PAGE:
The End of Oulipo?

The End of Oulipo? My book (co-authored with Lauren Elkin), published by Zero Books. Available everywhere. Order it from Amazon, or find it in bookstores nationwide. The End of Oulipo

Lady Chatterley’s Brother

Lady Chatterley's Brother. The first ebook in the new TQC Long Essays series, Lady Chatterley's Brothercalled “an exciting new project” by Chad Post of Open Letter and Three Percent. Why can't Nicholson Baker write about sex? And why can Javier Marias? We investigate why porn is a dead end, and why seduction paves the way for the sex writing of the future. Read an excerpt.

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Translate This Book!

Ever wonder what English is missing? Called "a fascinating Life Perecread" by The New Yorker, Translate This Book! brings together over 40 of the top translators, publishers, and authors to tell us what books need to be published in English. Get it on Kindle.

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Group Reads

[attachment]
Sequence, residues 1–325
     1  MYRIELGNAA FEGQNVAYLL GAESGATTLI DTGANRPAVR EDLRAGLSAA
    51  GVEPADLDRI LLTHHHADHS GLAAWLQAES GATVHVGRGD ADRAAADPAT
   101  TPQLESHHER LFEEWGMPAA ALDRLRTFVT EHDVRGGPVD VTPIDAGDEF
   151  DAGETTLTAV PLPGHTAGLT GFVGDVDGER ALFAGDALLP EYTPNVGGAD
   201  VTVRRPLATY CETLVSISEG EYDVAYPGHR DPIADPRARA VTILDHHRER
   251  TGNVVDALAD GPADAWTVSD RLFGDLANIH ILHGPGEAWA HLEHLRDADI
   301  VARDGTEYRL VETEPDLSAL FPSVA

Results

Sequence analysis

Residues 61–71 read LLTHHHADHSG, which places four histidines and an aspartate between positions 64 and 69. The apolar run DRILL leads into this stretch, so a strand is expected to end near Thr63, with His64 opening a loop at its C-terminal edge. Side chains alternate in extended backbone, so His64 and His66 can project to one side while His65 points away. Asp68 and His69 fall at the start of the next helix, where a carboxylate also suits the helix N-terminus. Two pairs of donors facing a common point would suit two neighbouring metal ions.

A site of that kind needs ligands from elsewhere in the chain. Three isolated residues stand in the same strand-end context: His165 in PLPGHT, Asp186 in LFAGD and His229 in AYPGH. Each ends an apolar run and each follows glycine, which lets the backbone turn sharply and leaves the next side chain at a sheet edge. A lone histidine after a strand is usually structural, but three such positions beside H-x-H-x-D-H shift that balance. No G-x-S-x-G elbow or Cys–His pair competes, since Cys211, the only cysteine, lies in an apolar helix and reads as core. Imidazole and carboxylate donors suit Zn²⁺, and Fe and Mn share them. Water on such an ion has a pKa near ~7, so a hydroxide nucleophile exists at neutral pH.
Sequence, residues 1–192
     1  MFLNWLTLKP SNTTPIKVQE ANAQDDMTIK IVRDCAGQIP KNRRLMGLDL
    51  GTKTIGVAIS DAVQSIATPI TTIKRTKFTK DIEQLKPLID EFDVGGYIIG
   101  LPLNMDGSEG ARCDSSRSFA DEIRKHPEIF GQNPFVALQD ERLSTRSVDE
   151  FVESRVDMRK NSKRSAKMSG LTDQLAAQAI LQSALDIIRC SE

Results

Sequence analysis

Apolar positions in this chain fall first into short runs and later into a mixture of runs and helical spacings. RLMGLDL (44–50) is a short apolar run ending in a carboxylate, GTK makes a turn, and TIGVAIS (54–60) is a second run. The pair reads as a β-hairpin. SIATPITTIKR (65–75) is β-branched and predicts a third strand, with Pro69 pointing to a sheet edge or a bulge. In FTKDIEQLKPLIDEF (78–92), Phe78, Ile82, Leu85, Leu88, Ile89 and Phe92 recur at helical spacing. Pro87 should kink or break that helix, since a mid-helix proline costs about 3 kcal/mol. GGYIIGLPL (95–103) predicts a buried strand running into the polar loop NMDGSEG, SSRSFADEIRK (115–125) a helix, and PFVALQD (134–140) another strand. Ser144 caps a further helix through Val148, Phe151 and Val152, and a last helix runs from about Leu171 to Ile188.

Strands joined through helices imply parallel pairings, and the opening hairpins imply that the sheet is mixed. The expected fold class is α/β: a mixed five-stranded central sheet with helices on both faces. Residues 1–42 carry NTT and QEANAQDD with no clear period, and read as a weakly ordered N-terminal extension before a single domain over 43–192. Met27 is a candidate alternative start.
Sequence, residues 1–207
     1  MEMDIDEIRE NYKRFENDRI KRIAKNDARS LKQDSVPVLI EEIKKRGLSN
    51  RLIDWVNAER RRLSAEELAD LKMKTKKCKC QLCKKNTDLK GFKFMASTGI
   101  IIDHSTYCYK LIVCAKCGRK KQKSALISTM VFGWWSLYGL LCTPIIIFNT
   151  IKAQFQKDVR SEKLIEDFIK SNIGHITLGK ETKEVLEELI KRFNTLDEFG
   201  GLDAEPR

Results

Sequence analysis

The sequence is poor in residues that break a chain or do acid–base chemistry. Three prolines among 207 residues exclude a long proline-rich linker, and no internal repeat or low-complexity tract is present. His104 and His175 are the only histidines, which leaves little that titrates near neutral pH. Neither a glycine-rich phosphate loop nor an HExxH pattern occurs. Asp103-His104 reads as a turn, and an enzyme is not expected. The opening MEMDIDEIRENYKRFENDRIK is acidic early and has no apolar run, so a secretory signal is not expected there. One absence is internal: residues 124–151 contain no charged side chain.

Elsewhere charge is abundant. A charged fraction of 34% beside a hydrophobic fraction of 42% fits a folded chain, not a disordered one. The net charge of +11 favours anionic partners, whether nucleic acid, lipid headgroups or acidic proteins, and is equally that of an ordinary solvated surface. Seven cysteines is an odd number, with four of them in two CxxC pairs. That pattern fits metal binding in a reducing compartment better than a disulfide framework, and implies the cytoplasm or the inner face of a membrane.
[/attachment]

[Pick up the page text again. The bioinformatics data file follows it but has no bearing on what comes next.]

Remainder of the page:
The Tunnel

Fall Read: The Tunnel by William H. Gass

A group read of the book that either "engenders awe and despair" or "[goads] the reader with obscenity and bigotry," or both. Info here. Buy the book here and support this site.

Naked Singularity

Summer Read: A Naked Singularity by Sergio De La Pava

Fans of Gaddis, Pynchon, DeLillo: A group read of the book that went from Xlibris to the University of Chicago Press. Info here. Buy the book here and support this site.

Life Perec

Life A User's Manual by Georges Perec

Starting March 2011, read the greatest novel from an experimental master. Info here. Buy the book here and support this site.

Last Samurai

Fall Read: The Last Samurai by Helen DeWitt

A group read of one of the '00s most-lauded postmodern novels. Info here. Buy the book here and support this site.

Tale of Genji

The Summer of Genji